Palin had clearly been prepped, but felt enough in her own element that she seemed to go “off-script” occasionally, often losing track of where she was in a sentence, and escaping by adding a string of dependent clauses which she would use to trail off wistfully before launching into a new statement.

Predictably, she made countless references to Ronald Reagan — which brings me to her first instance of where Palin should have felt a strong sense of cognitive dissonance. Early on in her speech, she lambasted President Barack Obama for the administration’s response to what has come to be known as the Christmas Day Panty Bomber incident. She decried the fact that the would-be bomber, one Umar Farouk Abdulmutallab, has been granted legal representation. She drew cheers as she repeatedly stated that Abdulmutallab had “lawyered up,” and suggested that he will now not be providing law enforcement with intelligence about where he was trained, who he had worked with, or if any more plans for attacks were in the works.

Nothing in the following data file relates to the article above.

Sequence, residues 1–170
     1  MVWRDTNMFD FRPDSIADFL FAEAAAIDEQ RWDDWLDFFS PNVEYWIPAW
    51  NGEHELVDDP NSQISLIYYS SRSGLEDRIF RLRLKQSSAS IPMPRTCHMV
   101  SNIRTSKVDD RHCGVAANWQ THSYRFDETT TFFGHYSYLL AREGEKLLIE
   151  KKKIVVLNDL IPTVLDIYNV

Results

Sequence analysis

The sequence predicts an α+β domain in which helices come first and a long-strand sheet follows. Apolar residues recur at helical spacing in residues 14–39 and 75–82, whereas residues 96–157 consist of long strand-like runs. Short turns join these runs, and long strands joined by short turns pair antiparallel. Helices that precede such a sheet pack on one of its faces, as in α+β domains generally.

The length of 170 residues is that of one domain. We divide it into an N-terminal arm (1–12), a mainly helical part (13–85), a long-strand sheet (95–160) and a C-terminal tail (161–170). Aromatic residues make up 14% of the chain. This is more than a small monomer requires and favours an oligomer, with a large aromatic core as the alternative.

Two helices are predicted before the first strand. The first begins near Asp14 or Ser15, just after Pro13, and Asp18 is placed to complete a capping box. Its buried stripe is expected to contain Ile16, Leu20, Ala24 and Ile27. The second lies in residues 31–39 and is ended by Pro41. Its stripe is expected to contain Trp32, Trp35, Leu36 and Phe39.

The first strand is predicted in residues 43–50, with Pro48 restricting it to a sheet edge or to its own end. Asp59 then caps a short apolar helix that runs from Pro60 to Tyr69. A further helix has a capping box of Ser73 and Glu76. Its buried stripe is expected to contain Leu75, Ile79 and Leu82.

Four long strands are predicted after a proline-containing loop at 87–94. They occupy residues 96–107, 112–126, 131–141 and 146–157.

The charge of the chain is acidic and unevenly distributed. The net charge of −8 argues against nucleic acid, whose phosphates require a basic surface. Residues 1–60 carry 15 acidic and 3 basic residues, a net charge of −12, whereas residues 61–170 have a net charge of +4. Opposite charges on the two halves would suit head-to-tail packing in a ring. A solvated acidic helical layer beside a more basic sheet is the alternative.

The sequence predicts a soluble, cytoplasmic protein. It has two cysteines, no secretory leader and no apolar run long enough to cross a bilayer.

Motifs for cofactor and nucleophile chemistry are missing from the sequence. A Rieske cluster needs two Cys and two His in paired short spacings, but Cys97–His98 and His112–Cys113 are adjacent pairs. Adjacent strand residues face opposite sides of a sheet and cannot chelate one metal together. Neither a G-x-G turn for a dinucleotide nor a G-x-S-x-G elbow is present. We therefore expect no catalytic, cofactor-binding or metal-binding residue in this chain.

Matt Drudge has been a mainstay of the Non-Mainstream Media since he “broke” the Monica Lewinsky story on his site (after having it “leaked” to him by Newsweek, whose owners wanted to see how the story would “play” before running with it themselves). Mark Halperin (co-author of the recent political scoop-fest Game Change, which is currently on my bedside table) has apparently referred to Drudge as “the Walter Kronkite of his era,” according to his Wikipedia page.